It’s that point in the process of behavioural change, at which we are on the verge of laying down a new pathway. As we stand there, deliberating the fresh, untrodden ground for the first time, possibly even drained from the effort it has taken to get this far, it is useful to know that we are also close to rejecting the opportunity in favour of the familiar. Our preparation has taken us tantalisingly close to something new, yet we are about to turn our backs on it all, for a continuation of what we already know so well. This is to be expected and it explains, in part, why developing new habits can be a bit tricky.
The consequences of taking the new road are, of course, unknown. You may have to be more persistent than you’d like, or maybe your old pattern will simply disappear because it was so much more fragile than you believed. It’s even possible your life will change forever. The only guarantee is that you will discover something about yourself. In any case, you stand at this junction because of your intent. You have undoubtedly worked hard to get here, so it helps to remember: the closer you get to your goal, the more difficult it becomes.
Faced with the unexplored, it’s normal to question what the next step may bring or even the wisdom of taking it in the first place. At the same time, you are beckoned by the intimacy of your existing patterns, offering a return to the reassuring landscape of your comfort zone. The comfort zone is a place of enjoyment when we want it, and refuge when we need it. We redefine it as we grow, but it should not contain us. Neither is it the only force which restricts us.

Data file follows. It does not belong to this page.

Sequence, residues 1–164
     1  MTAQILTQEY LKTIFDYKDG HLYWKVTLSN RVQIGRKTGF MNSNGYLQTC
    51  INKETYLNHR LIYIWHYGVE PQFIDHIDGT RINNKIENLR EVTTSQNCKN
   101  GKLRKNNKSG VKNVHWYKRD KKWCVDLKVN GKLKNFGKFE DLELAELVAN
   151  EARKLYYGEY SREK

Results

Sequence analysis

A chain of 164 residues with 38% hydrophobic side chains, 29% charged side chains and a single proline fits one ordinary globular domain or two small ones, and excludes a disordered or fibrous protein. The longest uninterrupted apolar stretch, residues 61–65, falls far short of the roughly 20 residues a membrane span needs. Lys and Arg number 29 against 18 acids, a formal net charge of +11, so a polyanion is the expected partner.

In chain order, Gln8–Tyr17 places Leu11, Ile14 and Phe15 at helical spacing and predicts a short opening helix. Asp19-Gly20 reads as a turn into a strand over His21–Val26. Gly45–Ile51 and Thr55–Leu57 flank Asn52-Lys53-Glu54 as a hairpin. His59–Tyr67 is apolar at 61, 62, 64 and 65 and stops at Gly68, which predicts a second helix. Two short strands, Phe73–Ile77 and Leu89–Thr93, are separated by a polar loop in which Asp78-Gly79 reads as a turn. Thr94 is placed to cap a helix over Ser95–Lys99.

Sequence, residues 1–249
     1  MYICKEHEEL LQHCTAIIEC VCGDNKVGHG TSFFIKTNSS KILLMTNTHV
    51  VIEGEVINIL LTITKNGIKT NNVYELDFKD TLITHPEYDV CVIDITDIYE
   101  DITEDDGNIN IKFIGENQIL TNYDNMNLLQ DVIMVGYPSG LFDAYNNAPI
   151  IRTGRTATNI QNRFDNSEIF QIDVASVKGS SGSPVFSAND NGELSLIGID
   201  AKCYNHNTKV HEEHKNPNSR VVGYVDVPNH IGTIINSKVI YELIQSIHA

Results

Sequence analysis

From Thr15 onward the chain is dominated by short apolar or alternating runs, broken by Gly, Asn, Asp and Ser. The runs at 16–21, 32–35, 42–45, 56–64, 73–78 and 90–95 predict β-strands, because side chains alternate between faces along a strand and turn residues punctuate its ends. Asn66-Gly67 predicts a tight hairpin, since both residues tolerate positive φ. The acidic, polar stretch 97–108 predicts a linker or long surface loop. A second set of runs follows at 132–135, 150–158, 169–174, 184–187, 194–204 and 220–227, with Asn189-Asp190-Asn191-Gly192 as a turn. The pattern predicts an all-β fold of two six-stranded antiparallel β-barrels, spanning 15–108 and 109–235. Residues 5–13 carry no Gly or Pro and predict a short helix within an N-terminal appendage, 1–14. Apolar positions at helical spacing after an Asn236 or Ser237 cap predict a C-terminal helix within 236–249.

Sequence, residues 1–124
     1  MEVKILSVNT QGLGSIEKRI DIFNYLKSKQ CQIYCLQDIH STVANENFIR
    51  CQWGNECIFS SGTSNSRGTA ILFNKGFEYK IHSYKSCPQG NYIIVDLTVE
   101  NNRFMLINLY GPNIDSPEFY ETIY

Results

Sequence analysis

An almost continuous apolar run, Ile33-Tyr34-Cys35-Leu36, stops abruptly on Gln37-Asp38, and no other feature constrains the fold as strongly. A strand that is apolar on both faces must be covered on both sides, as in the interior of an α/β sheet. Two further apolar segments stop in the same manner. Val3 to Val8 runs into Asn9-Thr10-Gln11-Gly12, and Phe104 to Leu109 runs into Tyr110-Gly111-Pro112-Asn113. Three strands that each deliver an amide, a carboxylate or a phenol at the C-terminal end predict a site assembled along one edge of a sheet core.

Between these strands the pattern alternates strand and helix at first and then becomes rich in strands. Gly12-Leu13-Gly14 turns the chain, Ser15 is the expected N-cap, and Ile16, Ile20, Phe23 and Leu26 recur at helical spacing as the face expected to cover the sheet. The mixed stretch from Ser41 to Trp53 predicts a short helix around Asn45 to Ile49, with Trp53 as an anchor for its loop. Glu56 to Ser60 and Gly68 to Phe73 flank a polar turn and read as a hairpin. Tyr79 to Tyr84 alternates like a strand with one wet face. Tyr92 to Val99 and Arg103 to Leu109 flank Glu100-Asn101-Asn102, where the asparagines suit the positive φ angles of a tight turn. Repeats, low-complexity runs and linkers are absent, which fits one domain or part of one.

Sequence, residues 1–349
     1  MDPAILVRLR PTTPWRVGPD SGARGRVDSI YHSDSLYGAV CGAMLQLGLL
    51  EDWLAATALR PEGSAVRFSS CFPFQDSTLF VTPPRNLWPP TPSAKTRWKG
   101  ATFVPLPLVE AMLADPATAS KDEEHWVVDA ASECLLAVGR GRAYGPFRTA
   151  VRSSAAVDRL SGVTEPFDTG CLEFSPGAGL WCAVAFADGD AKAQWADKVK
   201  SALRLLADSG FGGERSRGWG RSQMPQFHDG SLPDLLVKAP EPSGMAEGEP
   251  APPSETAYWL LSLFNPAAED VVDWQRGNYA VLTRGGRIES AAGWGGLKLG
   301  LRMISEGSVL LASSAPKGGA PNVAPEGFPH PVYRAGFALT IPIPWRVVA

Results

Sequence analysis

Like it or not, we are responsible for how we live our lives. According to the theory of Script in Transactional Analysis, long before we can possibly realise, we have already made decisions about the strategies we will use in order to influence our environment for our own needs. Some of us do it using virtuous strategies, some of us manipulate. Most of us use a combination of the two, but we all have our ways. And once determined, those strategies are used repeatedly throughout our lives, remaining largely unchanged and unnoticed, but for our awareness.
Significantly, our script seems to have a keen interest in keeping us where we are. Just as an alcoholic is prevented from change by the unwitting influence of his alcoholic friends, so it is with our script. Both script and the other players have a stake in maintaining the status quo. There is a particularly clear account of this in the journal post, ‘One Day I Will Win’.
Knowing that the process is tough, allows you to relax. You were convinced of this journey when you set off, so why waver now? It’s part of the process. In fact, it should also be part of your process to write down your commitment to yourself early on, because the day will come when you might need it. When it does, read what you have written, look back over the journey so far, and appreciate how far you have already travelled. And then, with the same intent which got you here, take another step.